Senate negotiators closing gap on FAA bill’s tax provisions

Source: Geof Koss, E&E reporter • Posted: Friday, April 8, 2016

Senate negotiators appeared closer to an agreement on a much-anticipated tax title to the Senate’s Federal Aviation Administration reauthorization bill, but details on what energy provisions could make the cut remained scant.

“I think they’re getting there,” Senate Finance Chairman Orrin Hatch (R-Utah) said to reporters yesterday afternoon.

Aides and senators from both parties have signaled that an extension of the 48C investment tax credit for biomass, geothermal and fuel cells was likely to be included in the FAA bill (Greenwire, April 6).

The fate of breaks for biofuels and carbon capture, however, remained up in the air. Some proposals resurfaced in the dozens of amendments filed to the bill yesterday.

Sens. Bill Cassidy (R-La.) and Michael Bennet (D-Colo.) are pressing an amendment to ensure that tax treatment of liquefied natural gas used on inland vessels is on par with diesel and gasoline. The measure mirrors legislation (S. 2378) the pair introduced in December (E&ENews PM, Dec. 11, 2015).

“It takes about 1.7 gallons of LNG to provide the same amount of energy as a gallon of diesel,” Cassidy said yesterday in a statement. “Those who use LNG to power marine vessels would have to pay 50 cents in tax for the same amount of energy contained in a gallon of diesel fuel that is only taxed at 29 cents — that doesn’t make sense.”

He added, “By ensuring equal tax treatment for LNG, it encourages its use and its production — benefiting Louisiana’s economy and workers.”

A second Bennet amendment would allow companies to use tax-exempt bonds to finance carbon capture and sequestration projects. That proposal — co-sponsored by Sens. Rob Portman (R-Ohio), John Thune (R-S.D.) and Bill Nelson (D-Fla.) — mirrors legislation (S. 2305) from last year.

Sen. Johnny Isakson (R-Ga.) is floating a five-year extension of the production tax credit for advanced nuclear reactors, which would push the credit’s scheduled expiration from 2021 to 2026.

Sen. Joe Manchin (D-W.Va.) has filed an amendment to shore up the United Mine Workers of America’s 1974 pension plan from insolvency — mirroring a bipartisan bill, S. 1714, he introduced last year with other Appalachian lawmakers (Greenwire, July 7, 2015).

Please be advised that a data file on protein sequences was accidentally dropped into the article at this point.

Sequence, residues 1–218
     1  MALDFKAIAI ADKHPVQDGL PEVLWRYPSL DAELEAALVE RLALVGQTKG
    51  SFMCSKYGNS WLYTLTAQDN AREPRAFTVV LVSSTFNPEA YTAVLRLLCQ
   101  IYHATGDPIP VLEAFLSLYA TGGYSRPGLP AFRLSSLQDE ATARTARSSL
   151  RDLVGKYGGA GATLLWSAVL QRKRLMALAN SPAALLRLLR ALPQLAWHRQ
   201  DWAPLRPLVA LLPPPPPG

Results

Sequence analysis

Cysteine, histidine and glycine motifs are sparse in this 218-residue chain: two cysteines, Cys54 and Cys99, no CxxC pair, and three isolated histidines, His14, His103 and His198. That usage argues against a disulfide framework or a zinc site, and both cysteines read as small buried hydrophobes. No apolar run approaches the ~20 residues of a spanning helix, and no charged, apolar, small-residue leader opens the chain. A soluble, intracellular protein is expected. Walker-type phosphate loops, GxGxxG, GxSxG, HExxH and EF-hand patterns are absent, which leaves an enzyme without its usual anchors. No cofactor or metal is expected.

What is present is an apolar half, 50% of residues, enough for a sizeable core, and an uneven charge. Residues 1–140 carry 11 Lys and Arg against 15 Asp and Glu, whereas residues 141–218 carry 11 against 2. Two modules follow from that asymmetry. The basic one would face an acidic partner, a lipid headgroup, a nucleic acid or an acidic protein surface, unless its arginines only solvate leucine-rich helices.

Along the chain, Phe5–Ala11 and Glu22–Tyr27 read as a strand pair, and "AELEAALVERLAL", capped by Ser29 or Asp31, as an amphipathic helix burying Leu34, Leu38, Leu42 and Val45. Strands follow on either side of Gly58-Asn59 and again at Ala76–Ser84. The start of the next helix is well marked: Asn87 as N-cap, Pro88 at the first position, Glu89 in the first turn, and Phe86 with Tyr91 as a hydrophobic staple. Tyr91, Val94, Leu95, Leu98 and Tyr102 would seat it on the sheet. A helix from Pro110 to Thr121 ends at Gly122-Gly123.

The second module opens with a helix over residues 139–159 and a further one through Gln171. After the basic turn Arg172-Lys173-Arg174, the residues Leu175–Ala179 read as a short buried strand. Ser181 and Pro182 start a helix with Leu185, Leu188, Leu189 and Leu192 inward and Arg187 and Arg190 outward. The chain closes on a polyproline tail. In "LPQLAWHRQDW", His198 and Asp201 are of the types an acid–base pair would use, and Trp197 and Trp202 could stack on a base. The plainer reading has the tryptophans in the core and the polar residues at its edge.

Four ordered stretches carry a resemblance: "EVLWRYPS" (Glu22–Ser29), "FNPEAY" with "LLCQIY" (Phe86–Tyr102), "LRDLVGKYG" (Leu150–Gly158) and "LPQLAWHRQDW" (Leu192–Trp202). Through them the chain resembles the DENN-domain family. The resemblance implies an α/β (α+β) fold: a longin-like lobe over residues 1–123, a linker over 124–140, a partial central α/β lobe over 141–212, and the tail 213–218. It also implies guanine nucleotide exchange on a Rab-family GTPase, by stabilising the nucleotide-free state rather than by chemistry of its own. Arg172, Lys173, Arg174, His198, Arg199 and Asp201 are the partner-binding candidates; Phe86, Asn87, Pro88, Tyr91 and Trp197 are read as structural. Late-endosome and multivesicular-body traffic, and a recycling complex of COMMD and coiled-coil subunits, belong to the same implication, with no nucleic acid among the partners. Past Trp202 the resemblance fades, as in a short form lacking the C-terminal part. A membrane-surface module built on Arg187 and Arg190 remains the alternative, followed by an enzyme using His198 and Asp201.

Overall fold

Sen. Marco Rubio (R-Fla.), through another proposed amendment to the FAA bill, is renewing his push to create uniform vessel discharge standards (E&E Daily, Feb. 5, 2015).

Conservative groups and companies continue to beat the drum against including renewable energy tax breaks in the FAA bill.

Chrissy Harbin, director of federal affairs and strategic initiatives for Americans for Prosperity, said yesterday the group would join other like-minded organizations in calling on lawmakers to block the FAA measure if green tax breaks become a part of it.

“This debate is all over the place,” she said yesterday, predicting “increased activity” among activists over the weekend ahead of next week’s resumption in the Senate. “Our state directors are hearing a lot about this.”

She said AFP prefers a straight extension of FAA programs and is opposing all extraneous amendments, including tax breaks for nuclear and fossil fuels.

The group is already looking to the House to head off any additions the Senate makes to the must-pass aviation bill. “We’ve been encouraging House leaders to hold firm in opposing this,” she said.

Philip Ellender, president of government and public affairs for Koch Industries Inc., said in a statement that, “Instead of continuing to promote corporate welfare that benefits the politically connected, Congress has an opportunity to show it is listening to voters by rejecting the unrelated special interest tax provisions being added to the FAA reauthorization bill.”

Reporters Hannah Hess and George Cahlink contributed.